New this season: Traditional holiday movies with LGBTQ storylines

Jasmine Garsd Dec 23, 2020
Heard on: Marketplace Morning Report
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The cast and crew of Hulu's "Happiest Season" at the movie's drive-in premiere on Nov. 17 in Los Angeles. Rachel Murray/Getty Images for Hulu

New this season: Traditional holiday movies with LGBTQ storylines

Jasmine Garsd Dec 23, 2020
The cast and crew of Hulu's "Happiest Season" at the movie's drive-in premiere on Nov. 17 in Los Angeles. Rachel Murray/Getty Images for Hulu
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It’s that time of year again, in which we get an avalanche of holiday movies: the bad, the good, the downright cheesy.

This year, in the onslaught of streaming holiday specials from Hulu, Hallmark and Lifetime, there’s been a notable increase in films with LGBTQ storylines, featuring same-sex couples.

Viewers and critics alike wonder if these movies signal a lasting update to a well-worn genre.  

Happiest Season,” one of Hulu’s holiday movies, starts out with a lesbian couple, Abby and Harper, heading to visit Harper’s family together for the first time. But, turns out, Harper isn’t out to her family. She’s told them that Abby, played by Kristen Stewart, is just a roommate.

The movie has gotten attention for bringing a gay couple into the cinnamon-scented milquetoast Christmas genre. It’s also been criticized as cruel, archaic and underplaying a topic that is painful for many people: fear of coming out and having to lie to your closest relatives.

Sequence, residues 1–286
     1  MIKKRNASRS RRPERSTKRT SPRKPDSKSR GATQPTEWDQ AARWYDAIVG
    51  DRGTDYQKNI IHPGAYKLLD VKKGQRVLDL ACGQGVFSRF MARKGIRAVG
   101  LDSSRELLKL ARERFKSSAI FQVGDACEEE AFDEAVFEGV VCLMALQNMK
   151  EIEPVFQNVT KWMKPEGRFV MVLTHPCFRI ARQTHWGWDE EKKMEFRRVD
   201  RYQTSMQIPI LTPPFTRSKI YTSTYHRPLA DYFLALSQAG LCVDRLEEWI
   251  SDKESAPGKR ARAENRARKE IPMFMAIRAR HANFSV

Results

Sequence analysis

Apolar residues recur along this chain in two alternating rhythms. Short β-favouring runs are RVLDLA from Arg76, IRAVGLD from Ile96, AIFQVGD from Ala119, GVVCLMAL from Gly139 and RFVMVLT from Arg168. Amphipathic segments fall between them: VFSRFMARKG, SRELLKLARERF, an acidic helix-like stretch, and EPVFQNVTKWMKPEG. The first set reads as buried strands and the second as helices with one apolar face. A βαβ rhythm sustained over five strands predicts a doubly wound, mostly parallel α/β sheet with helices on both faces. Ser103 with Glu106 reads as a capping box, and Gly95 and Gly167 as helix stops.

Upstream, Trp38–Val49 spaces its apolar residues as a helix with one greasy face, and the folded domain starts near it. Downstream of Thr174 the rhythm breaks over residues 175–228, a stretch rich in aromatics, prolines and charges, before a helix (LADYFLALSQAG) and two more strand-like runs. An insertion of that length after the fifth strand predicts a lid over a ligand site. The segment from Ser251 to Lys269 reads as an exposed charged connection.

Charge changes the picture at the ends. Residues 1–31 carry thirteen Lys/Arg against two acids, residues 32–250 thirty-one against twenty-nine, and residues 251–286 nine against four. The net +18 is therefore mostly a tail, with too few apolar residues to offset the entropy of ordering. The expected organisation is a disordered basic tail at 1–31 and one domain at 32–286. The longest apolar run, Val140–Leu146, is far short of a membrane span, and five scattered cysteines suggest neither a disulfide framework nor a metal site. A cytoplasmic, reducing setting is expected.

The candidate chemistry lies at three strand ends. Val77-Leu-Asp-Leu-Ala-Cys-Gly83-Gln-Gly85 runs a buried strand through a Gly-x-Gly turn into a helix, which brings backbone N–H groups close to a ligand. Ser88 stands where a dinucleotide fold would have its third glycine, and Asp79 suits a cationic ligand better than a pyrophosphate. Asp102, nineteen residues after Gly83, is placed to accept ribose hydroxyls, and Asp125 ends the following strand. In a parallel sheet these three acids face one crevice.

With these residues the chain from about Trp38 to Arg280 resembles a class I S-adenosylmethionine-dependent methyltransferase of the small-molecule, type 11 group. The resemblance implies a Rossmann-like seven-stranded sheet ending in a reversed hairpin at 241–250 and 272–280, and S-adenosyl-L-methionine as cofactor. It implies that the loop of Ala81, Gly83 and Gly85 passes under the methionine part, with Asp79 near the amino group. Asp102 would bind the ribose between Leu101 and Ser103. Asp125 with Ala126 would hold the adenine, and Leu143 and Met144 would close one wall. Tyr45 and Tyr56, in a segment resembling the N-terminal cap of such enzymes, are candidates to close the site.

The wave of new LGBTQ holiday movies includes titles where people are out, like Paramount Network’s “Dashing in December” and Hallmark’s “The Christmas House.”

Aymar Jean Christian, professor of communication studies at Northwestern University, said TV has traditionally been a place for stories that take risks, because it’s cheaper to make.

“Unlike regular movies where you are getting people to pay [for] tickets to the box office, TV movies have been a smaller financial investment for networks,” Christian said, adding that this is, in part, a product of the streaming wars. 

Competition means vying for new and diverse audiences, which producers know already exist. And they’re hungry for inclusive material.

But in important ways, these movies do not break new ground, said Kathleen Battles, a professor at Oakland University. She focuses on sexual identity in the media and says the gay and lesbian characters are essentially being planted into very traditional holiday movie storylines. 

“None of this disrupts the fundamental conservative structure of these films, which always have this return to small-town life and small-town values, and they’re very conservative,” she said.

Battles said there’s only so much you can ask of the holiday movie genre, which she says isn’t going to break new ground anytime soon. 

For that kind of cinema, there are other genres, and 11 other months of the year.

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